language, translation, literary work
There is a crucial and underappreciated distinction between the task of translating a hitherto unknown foreign language literary work for the purpose of making it available for the first time to readers in the target language, and that of re‐translating a classic. In the latter case, translators expose themselves to, and indeed invite, not only comparison with previous translations, but also the haunting question of the very raison d’etre of the new translation itself. For this reason, a re‐translation is in a sense as much about the nature and quality of the translation as about the original work itself – something to which most reviewers remain oblivious or indifferent. It is this which adds an extra dimension of responsibility, vulnerability, and challenge to the task, and entails a number of daunting policy choices and judgment calls. This paper gives an account of just some of these, all of which confronted me in translating Oblomov.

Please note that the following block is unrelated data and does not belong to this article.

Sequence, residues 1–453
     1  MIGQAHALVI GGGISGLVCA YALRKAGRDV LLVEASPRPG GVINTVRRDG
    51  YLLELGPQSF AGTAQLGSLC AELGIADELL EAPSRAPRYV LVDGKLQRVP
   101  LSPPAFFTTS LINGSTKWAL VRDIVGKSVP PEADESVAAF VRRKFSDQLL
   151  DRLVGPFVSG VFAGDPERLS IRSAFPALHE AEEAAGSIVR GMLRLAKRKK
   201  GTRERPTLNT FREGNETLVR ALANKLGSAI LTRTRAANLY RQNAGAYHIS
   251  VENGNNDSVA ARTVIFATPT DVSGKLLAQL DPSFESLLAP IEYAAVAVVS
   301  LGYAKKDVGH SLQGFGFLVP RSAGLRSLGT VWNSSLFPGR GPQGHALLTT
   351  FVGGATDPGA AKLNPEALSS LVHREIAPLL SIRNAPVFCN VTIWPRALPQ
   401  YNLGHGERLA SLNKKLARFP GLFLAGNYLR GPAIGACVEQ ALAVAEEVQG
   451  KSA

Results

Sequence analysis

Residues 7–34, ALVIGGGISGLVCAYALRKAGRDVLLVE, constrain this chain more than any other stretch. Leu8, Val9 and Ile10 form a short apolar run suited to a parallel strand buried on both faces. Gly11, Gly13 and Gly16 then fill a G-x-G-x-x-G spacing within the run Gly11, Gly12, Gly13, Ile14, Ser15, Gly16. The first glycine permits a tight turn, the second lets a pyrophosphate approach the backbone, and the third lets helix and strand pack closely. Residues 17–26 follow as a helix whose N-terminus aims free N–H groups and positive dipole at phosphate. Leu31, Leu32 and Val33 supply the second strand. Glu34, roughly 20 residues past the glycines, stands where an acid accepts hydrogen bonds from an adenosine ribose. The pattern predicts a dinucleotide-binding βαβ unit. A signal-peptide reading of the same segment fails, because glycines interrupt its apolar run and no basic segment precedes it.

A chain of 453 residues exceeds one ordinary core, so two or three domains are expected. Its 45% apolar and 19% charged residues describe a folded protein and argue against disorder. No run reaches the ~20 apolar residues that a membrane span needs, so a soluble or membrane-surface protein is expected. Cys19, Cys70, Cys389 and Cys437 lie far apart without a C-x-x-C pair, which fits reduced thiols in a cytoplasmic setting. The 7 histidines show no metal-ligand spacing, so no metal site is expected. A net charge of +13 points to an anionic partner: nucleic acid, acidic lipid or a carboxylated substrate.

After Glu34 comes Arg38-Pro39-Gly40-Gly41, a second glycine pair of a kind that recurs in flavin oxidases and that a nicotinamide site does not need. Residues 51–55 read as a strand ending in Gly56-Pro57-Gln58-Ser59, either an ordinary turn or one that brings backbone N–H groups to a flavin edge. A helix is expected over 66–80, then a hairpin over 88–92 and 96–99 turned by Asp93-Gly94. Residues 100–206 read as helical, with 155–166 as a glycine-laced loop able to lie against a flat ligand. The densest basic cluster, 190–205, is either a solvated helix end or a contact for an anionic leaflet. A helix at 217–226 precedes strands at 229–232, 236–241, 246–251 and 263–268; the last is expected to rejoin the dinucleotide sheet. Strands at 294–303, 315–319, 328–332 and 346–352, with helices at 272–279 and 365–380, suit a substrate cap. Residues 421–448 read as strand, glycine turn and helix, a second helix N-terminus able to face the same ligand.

"Oblomov – Retranslating a Classic Bridging the Time, Place, Contextual and Cultural Gap: An Account of Some of the Policy Choices Entailed by the Re‐Translation of Oblomov,"
Russian Language Journal: Vol. 61:
1, Article 5.
Available at: https://scholarsarchive.byu.edu/rlj/vol61/iss1/5